Dear Life Matters,
I am in a total panic and I’m not sure what to do! I actually don’t know that you can help with the immediate problem which is our taxes are coming due and we don’t have the money to pay them.
My husband and I are young and we both work, we don’t have any children to support yet and we both have good jobs.
We are college-educated and both of us bring in incomes in the six figures; now you would think we should be able to pay our taxes.
My husband comes from money and one day (many years away) will inherit a good sum but on the other hand I come from a working-class family, so I’m very careful with our money. We are both in our early 30s; his parents are in their early 50s and very healthy, so he probably won’t see any of that money for 30 years. Well he acts like it’s his and he will have it any minute or he does have it already! He is in complete denial and he buys what ever he wants all the latest toys, gadgets, new cars and of course his clothing is nothing but the best and he wants me to be the same.
While I enjoy some of these things, it makes me very anxious and all of our fights are about money.
His parents will probably bail us out and give him the money for our taxes but I really want to know why he does this, what’s at the root of it and is there anything I can do to help him snap out of it?
Thank you in advance,
I can understand your anxiety because if you can’t manage your money now and inheritance is 25-30 years away then when you do have children, you are most likely going to have a lot of trouble along the way.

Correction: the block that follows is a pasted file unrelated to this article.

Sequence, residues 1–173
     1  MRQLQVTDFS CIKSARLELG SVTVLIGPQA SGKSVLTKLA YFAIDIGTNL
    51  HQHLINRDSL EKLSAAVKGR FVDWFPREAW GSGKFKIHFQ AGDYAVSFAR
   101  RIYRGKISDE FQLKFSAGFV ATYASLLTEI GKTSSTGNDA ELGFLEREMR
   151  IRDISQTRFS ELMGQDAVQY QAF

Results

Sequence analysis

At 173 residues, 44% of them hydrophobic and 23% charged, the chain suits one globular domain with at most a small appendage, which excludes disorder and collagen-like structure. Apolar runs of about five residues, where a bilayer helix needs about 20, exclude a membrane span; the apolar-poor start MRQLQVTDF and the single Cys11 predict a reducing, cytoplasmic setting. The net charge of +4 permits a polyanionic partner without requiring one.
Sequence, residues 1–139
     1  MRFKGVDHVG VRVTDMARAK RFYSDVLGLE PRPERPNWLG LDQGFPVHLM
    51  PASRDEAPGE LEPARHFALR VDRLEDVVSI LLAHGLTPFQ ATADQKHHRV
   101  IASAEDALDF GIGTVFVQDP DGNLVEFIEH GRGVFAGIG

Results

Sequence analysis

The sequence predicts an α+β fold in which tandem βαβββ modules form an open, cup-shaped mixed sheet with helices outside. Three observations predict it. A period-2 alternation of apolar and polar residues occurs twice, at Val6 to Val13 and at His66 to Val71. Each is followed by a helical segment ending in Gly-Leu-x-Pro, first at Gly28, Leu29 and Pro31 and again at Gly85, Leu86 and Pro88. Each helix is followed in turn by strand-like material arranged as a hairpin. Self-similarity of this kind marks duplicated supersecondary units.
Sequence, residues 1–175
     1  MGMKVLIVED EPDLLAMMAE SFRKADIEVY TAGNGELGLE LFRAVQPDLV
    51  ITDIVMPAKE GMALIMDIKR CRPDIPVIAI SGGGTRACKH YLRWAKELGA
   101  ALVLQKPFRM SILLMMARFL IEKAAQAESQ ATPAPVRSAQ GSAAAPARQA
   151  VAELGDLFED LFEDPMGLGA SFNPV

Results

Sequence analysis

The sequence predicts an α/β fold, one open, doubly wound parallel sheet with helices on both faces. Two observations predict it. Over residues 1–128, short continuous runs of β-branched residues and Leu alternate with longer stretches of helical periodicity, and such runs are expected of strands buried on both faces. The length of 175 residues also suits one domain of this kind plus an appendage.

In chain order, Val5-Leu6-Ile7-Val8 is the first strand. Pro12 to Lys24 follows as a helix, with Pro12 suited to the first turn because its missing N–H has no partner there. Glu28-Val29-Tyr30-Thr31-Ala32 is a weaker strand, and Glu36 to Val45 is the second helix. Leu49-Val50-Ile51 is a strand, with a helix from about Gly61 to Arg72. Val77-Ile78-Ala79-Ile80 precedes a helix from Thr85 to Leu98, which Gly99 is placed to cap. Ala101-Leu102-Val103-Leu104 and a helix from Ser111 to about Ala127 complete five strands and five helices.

I can’t be sure what causes him to do this but if he’s used to having money and then his parents bail him out, as you said, that’s one problem right there! It might be helpful if you talk to them and ask for their help in putting some sort of a limit as to how much they’re going to help him out.
There are many reasons why people spend money they don’t really have and seem to be in denial about it. I can’t say for sure about your husband, but he sounds a little bit entitled and immature. I think I am agreeing with you here, it is time for him to grow up. And a good college and good job, you would think that might help but not necessarily.
Is he under other kinds of stress or does he tend to be an anxious person?
If he is, he is going to have a hard time building necessary calm and deliberate money management skills. Money management is in part a reflection of one’s internal psychology. If it isn’t anxiety that is a problem for him, then perhaps he has low self-esteem and is trying to make up for it with “things.” This only works for about a day or less.
Clearly there is a problem with self-regulation and in many ways this can be quite similar to any other kind of addiction.
The dissimilarities in your views regarding money and the fact that you are fighting over it is only makes matters worse because you are both going to be stressed and resentments are going to build over time if they haven’t already.
Now we know how he handles his stress so you don’t want to add to it. But there is also the question of how you are handling yours. Writing in is a good first step but clearly more is needed.
I think you need to stop the fighting, maybe see a marriage counselor. And in order to get to the root of his problem, he needs to see a psychologist. Then after all of that, you may need to sit down with a financial planner.
Because financial therapy is not yet accredited and there is no regulating body you might want to look into an Accredited Financial Counselor. This could be a big help but not a substitute for what I have said above.
There is also a 12-step program called Debtors Anonymous but somehow I don’t think he would be ready for that but I might be wrong.
I hope this has helped, I hope you take the next step and good luck!
Dr. JoAnne Barge is a licensed psychologist and marriage and family therapist with offices in Brentwood. Visit her at www.drbarge.com or send your anonymous questions to firstname.lastname@example.org.